A LoRa APRS node with KISS interface based on a Raspberry Pi Pico
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README.md

Raspberry Pi Pico SDK

The Raspberry Pi Pico SDK (henceforth the SDK) provides the headers, libraries and build system necessary to write programs for the RP2040-based devices such as the Raspberry Pi Pico in C, C++ or assembly language.

The SDK is designed to provide an API and programming environment that is familiar both to non-embedded C developers and embedded C developers alike. A single program runs on the device at a time and starts with a conventional main() method. Standard C/C++ libraries are supported along with C level libraries/APIs for accessing all of the RP2040's hardware include PIO (Programmable IO).

Additionally the SDK provides higher level libraries for dealing with timers, synchronization, USB (TinyUSB) and multi-core programming along with various utilities.

The SDK can be used to build anything from simple applications, to fully fledged runtime environments such as MicroPython, to low level software such as RP2040's on-chip bootrom itself.

Additional libraries/APIs that are not yet ready for inclusion in the SDK can be found in pico-extras.

Documentation

See Getting Started with the Raspberry Pi Pico for information on how to setup your hardware, IDE/environment and for how to build and debug software for the Raspberry Pi Pico and other RP2040-based devices.

See Raspberry Pi Pico C/C++ SDK to learn more about programming using the SDK, to explore more advanced features, and for complete PDF-based API documentation.

See Online Raspberry Pi Pico SDK API docs for HTML-based API documentation.

Example code

See pico-examples for example code you can build.

Quick-start your own project

These instructions are extremely terse, and Linux-based only. For detailed steps, instructions for other platforms, and just in general, we recommend you see Raspberry Pi Pico C/C++ SDK

  1. Install CMake (at least version 3.13), and GCC cross compiler

    sudo apt install cmake gcc-arm-none-eabi libnewlib-arm-none-eabi libstdc++-arm-none-eabi-newlib
    
  2. Set up your project to point to use the Raspberry Pi Pico SDK

    • Either by cloning the SDK locally (most common) :

      1. git clone this Raspberry Pi Pico SDK repository

      2. Copy pico_sdk_import.cmake from the SDK into your project directory

      3. Set PICO_SDK_PATH to the SDK location in your environment, or pass it (-DPICO_SDK_PATH=) to cmake later.

      4. Setup a CMakeLists.txt like:

        cmake_minimum_required(VERSION 3.13)
        
        # initialize the SDK based on PICO_SDK_PATH
        # note: this must happen before project()
        include(pico_sdk_import.cmake)
        
        project(my_project)
        
        # initialize the Raspberry Pi Pico SDK
        pico_sdk_init()
        
        # rest of your project
        
        
    • Or with the Raspberry Pi Pico SDK as a submodule :

      1. Clone the SDK as a submodule called pico-sdk

      2. Setup a CMakeLists.txt like:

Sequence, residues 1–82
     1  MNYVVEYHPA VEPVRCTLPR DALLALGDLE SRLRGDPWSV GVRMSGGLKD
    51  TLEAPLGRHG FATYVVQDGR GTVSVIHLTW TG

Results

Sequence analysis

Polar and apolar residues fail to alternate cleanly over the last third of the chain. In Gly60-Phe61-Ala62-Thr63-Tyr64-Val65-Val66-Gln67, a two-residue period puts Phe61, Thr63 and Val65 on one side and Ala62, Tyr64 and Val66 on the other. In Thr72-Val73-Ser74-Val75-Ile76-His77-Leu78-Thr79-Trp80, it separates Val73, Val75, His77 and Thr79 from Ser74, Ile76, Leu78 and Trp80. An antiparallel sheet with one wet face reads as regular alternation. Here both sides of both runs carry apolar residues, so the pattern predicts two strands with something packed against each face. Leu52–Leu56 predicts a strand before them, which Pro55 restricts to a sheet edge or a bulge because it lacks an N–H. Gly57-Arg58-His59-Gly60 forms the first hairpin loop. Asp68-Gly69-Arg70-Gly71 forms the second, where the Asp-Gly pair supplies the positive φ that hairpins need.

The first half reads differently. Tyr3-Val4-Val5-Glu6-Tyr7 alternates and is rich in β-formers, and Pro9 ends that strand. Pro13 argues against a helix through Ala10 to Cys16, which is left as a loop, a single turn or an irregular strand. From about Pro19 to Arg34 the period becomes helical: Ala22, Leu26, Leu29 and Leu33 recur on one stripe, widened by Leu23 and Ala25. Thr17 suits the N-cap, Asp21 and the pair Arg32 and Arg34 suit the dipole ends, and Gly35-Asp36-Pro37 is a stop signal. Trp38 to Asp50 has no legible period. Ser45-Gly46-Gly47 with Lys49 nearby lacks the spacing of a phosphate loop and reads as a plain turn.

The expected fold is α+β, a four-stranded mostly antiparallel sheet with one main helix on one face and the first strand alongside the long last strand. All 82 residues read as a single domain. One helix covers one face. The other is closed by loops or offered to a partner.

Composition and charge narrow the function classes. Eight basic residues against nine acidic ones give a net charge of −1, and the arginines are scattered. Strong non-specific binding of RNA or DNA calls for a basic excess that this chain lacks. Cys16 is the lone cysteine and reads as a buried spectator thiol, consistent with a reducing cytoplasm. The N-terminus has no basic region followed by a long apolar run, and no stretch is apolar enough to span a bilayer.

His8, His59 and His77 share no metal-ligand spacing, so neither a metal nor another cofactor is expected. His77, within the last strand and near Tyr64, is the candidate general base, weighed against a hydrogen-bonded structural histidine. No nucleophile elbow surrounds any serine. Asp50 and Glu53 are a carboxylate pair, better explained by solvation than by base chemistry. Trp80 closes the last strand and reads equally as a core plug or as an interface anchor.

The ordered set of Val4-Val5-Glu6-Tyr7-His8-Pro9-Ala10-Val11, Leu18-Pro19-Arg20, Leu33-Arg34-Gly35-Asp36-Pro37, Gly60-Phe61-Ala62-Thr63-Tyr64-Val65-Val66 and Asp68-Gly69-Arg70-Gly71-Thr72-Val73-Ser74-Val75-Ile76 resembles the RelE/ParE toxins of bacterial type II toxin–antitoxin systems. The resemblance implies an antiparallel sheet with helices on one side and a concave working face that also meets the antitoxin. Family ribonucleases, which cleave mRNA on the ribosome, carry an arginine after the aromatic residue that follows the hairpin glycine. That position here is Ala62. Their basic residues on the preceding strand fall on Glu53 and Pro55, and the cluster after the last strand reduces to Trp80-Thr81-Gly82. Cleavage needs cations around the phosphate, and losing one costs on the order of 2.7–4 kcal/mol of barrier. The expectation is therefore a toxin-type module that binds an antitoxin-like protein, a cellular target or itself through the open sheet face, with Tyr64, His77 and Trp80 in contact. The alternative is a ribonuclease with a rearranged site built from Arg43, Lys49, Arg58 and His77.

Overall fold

cmake_minimum_required(VERSION 3.13)
        
        # initialize pico-sdk from submodule
        # note: this must happen before project()
        include(pico-sdk/pico_sdk_init.cmake)
        
        project(my_project)
        
        # initialize the Raspberry Pi Pico SDK
        pico_sdk_init()
        
        # rest of your project
        
        
    • Or with automatic download from GitHub :

      1. Copy pico_sdk_import.cmake from the SDK into your project directory

      2. Setup a CMakeLists.txt like:

        cmake_minimum_required(VERSION 3.13)
        
        # initialize pico-sdk from GIT
        # (note this can come from environment, CMake cache etc)
        set(PICO_SDK_FETCH_FROM_GIT on)
        
        # pico_sdk_import.cmake is a single file copied from this SDK
        # note: this must happen before project()
        include(pico_sdk_import.cmake)
        
        project(my_project)
        
        # initialize the Raspberry Pi Pico SDK
        pico_sdk_init()
        
        # rest of your project
        
        
  3. Write your code (see pico-examples or the Raspberry Pi Pico C/C++ SDK documentation for more information)

    About the simplest you can do is a single source file (e.g. hello_world.c)

    #include <stdio.h>
    #include "pico/stdlib.h"
    
    int main() {
        setup_default_uart();
        printf("Hello, world!\n");
        return 0;
    }
    

    And add the following to your CMakeLists.txt:

    add_executable(hello_world
        hello_world.c
    )
    
    # Add pico_stdlib library which aggregates commonly used features
    target_link_libraries(hello_world pico_stdlib)
    
    # create map/bin/hex/uf2 file in addition to ELF.
    pico_add_extra_outputs(hello_world)
    

    Note this example uses the default UART for stdout; if you want to use the default USB see the hello-usb example.

  4. Setup a CMake build directory. For example, if not using an IDE:

    $ mkdir build
    $ cd build
    $ cmake ..
    
  5. Make your target from the build directory you created.

    $ make hello_world
    
  6. You now have hello_world.elf to load via a debugger, or hello_world.uf2 that can be installed and run on your Raspberry Pi Pico via drag and drop.